Supreme Court rules in bankruptcy, investment cases

MEGAN BASHAM, HOST: It’s Wednesday the 15th of January, 2020. Glad to have you along for today’s edition of The World and Everything in It. Good morning, I’m Megan Basham.

NICK EICHER, HOST: And I’m Nick Eicher. The Supreme Court handed down its first opinions of the New Year yesterday. 

First, a bankruptcy dispute that split the lower courts is finally resolved.

In bankruptcy, creditors are automatically stopped from trying to collect from debtors. This, to allow time to work out payment plans among several creditors. 

In this case, a creditor wanted to get around that automatic stay, but a judge denied the request. The question was whether that denial is the sort that can be appealed right away? Is it “final,” in legal parlance? The answer is yes, but creditors have to act quickly. They only have 15 days in which to appeal that order.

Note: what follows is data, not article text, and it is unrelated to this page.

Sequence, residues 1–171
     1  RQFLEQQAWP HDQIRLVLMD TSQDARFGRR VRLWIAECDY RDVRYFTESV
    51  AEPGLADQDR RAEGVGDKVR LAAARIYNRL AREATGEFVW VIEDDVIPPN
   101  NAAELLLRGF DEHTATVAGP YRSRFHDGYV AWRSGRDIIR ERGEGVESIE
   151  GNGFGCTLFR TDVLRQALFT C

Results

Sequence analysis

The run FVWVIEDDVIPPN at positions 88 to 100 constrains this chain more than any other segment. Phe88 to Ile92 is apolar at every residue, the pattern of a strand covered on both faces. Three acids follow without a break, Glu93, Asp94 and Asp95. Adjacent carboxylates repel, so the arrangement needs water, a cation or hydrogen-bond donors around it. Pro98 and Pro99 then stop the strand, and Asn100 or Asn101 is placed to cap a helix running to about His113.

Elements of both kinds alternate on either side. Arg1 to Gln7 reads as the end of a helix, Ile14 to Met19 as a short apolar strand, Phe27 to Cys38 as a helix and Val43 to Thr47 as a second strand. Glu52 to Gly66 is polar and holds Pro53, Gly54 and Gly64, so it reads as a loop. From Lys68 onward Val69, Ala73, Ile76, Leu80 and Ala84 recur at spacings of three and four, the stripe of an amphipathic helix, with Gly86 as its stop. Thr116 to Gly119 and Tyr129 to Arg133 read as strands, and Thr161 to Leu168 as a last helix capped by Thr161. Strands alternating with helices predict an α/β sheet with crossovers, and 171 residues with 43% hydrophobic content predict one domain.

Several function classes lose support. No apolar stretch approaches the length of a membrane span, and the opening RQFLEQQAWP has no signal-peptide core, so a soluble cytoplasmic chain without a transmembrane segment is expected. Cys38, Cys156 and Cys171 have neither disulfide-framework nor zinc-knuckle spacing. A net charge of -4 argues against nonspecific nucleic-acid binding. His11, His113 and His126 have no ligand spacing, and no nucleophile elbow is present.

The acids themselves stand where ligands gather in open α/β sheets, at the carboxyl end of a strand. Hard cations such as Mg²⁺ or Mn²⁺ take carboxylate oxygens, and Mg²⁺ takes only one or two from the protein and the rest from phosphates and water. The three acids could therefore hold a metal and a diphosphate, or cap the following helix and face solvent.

BASHAM: The second decision comes in the case of IBM employees who sued their retirement fund managers. Employees had not been warned against buying overvalued stock. The justices issued no decision on the merits; turns out, the parties argued aspects the justices hadn’t agreed to decide. So they remanded the case. The lower court must now consider how retirement plan overseers should think about  securities law, in addition to their fiduciary duties to employees. 

Both opinions were unanimous.

(AP Photo/J. Scott Applewhite, File) In this March 20, 2019, file photo, the west facade of the Supreme Court Building bears the motto “Equal Justice Under Law,” in Washington. 

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